It is therefore important to rediscover a sense of widespread and concrete solidarity, to overcome any “privatisation of love” which empties the family of meaning and entrusts it instead to individual choice. It is necessary to create, on an institutional level, the conditions favourable to welcoming a child and for the care of the elderly as a social asset to be protected and promoted. The Church should devote herself in a special way to education in love and sexuality, explaining its value and avoiding banalisation and superficiality.
In conclusion, affirms Cardinal Erdo, the challenge for this Synod is to try to bring to today’s world, beyond the circle of practicing Catholics and considering the complex situation of society, “the attractiveness of the Christian message” about marriage and the family, giving answers that are true and full of charity”, because “the world needs Christ”.
The full text in English of the “Relatio ante disceptationem” can be consulted at:
Nurturing “God's dream”, guided by the Holy Spirit
Vatican City, 5 October 2014 (VIS) – “Today the prophet Isaiah and the Gospel employ the image of the Lord’s vineyard. The Lord’s vineyard is his 'dream', the plan which he nurtures with all his love, like a farmer who cares for his vineyard. Vines are plants which need much care”, said the Holy Father in his homily during the Holy Mass celebrated this morning in the Vatican Basilica to inaugurate the Third Extraordinary General Assembly of the Synod of Bishops on “Pastoral challenges to the family in the context of evangelisation”.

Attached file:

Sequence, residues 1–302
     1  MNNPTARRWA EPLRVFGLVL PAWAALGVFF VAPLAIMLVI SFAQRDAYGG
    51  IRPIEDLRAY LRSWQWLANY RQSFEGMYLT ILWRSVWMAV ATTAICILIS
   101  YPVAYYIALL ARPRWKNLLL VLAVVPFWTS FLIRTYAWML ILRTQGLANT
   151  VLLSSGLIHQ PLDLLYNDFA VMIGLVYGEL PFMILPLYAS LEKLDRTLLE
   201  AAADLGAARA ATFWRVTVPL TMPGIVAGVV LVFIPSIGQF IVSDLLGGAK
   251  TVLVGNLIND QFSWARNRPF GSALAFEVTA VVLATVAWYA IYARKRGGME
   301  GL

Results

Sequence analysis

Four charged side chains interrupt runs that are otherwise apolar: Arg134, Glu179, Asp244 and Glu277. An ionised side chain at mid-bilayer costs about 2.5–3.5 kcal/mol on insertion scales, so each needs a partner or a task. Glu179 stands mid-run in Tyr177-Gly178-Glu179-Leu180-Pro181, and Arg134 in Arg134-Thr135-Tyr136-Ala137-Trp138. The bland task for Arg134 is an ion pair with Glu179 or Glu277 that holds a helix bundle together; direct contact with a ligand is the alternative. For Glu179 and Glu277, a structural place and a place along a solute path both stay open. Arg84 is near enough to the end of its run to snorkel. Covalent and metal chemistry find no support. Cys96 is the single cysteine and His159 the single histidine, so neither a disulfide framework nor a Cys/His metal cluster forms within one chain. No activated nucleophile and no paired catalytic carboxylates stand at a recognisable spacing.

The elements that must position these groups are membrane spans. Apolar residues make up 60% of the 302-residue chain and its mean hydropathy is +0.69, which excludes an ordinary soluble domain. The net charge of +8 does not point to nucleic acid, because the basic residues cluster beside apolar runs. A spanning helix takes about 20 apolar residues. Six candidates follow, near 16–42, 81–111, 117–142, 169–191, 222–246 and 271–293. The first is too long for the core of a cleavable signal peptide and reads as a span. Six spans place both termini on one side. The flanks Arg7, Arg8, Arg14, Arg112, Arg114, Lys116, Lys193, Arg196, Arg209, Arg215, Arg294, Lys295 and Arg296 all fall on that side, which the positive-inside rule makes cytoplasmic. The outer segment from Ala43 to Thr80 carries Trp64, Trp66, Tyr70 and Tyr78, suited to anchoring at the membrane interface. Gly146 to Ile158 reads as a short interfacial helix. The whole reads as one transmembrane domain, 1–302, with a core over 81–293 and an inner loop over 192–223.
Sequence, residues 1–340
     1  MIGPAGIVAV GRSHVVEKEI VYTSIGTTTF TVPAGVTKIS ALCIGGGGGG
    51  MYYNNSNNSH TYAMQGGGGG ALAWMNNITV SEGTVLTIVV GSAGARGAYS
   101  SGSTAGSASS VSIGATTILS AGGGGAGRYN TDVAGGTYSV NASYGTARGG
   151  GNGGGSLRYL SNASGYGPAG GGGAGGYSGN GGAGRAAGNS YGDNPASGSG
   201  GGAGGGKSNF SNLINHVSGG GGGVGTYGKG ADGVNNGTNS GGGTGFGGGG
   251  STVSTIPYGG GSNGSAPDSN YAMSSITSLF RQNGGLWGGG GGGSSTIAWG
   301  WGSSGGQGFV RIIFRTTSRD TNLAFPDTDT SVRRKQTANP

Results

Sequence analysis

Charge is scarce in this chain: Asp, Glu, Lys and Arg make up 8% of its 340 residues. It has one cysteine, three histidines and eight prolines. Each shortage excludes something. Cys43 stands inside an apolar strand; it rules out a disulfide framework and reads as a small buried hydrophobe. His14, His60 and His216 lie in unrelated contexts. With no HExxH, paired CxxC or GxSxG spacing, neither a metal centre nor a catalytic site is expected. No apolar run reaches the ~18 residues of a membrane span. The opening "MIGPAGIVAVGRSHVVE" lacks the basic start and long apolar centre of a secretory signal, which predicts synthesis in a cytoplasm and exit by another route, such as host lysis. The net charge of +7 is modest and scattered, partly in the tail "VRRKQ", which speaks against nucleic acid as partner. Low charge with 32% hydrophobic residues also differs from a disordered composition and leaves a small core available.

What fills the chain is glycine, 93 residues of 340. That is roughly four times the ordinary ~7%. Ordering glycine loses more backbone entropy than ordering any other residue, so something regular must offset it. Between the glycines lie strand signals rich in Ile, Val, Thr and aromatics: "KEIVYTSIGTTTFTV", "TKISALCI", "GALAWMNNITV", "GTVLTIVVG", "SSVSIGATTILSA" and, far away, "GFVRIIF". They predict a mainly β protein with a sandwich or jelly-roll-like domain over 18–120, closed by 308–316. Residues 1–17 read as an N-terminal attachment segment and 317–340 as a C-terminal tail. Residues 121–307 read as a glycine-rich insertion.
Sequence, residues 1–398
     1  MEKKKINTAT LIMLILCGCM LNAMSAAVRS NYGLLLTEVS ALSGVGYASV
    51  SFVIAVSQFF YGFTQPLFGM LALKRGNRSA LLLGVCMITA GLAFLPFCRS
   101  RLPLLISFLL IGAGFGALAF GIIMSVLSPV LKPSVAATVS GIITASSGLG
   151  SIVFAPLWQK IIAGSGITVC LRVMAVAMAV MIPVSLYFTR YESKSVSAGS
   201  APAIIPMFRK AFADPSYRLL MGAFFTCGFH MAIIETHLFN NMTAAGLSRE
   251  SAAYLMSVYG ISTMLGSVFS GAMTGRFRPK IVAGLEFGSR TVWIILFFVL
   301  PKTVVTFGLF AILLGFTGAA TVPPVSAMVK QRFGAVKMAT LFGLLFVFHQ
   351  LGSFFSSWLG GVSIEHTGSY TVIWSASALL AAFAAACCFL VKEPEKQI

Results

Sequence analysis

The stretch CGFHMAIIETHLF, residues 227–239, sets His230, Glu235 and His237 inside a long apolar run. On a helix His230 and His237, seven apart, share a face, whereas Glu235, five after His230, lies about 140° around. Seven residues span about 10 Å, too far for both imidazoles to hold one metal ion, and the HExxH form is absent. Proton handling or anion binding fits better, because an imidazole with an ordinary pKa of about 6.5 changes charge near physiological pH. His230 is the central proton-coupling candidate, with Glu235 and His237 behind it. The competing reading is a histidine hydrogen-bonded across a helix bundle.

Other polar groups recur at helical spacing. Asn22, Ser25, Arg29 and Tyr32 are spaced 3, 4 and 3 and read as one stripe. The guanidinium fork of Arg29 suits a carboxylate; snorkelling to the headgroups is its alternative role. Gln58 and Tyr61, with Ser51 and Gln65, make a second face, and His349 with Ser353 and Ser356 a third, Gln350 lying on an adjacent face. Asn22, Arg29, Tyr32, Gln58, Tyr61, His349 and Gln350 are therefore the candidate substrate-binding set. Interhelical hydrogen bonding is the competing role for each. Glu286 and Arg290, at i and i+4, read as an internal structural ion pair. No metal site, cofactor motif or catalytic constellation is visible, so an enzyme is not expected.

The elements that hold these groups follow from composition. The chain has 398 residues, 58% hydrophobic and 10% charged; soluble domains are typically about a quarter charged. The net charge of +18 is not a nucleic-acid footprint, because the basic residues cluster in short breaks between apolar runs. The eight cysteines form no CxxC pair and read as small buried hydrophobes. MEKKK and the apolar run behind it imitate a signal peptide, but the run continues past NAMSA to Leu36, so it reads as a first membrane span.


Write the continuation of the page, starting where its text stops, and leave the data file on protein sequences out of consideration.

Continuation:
“God’s 'dream' is his people”, continued Francis. “He planted it and nurtured it with patient and faithful love, so that it can become a holy people, a people which brings forth abundant fruits of justice. But in both the ancient prophecy and in Jesus’ parable, God’s dream is thwarted. … The temptation to greed is ever present. … Greed for money and power. And to satisfy this greed, evil pastors lay intolerable burdens on the shoulders of others, which they themselves do not lift a finger to move. We too, in the Synod of Bishops, are called to work for the Lord’s vineyard. Synod Assemblies are not meant to discuss beautiful and clever ideas, or to see who is more intelligent. They are meant to better nurture and tend the Lord’s vineyard, to help realise his dream, his loving plan for his people. In this case the Lord is asking us to care for the family, which has been from the beginning an integral part of his loving plan for humanity”.
“We are all sinners and can also be tempted to 'take over' the vineyard, because of that greed which is always present in us human beings. God’s dream always clashes with the hypocrisy of some of his servants. We can 'thwart' God’s dream if we fail to let ourselves be guided by the Holy Spirit. The Spirit gives us that wisdom which surpasses knowledge, and enables us to work generously with authentic freedom and humble creativity”. The Holy Father concluded, “to do a good job of nurturing and tending the vineyard, our hearts and our minds must be kept in Jesus Christ by 'the peace of God which passes all understanding'. In this way our thoughts and plans will correspond to God’s dream: to form a holy people who are his own and produce the fruits of the kingdom of God”.
Angelus: “A Bible for every family, to read often”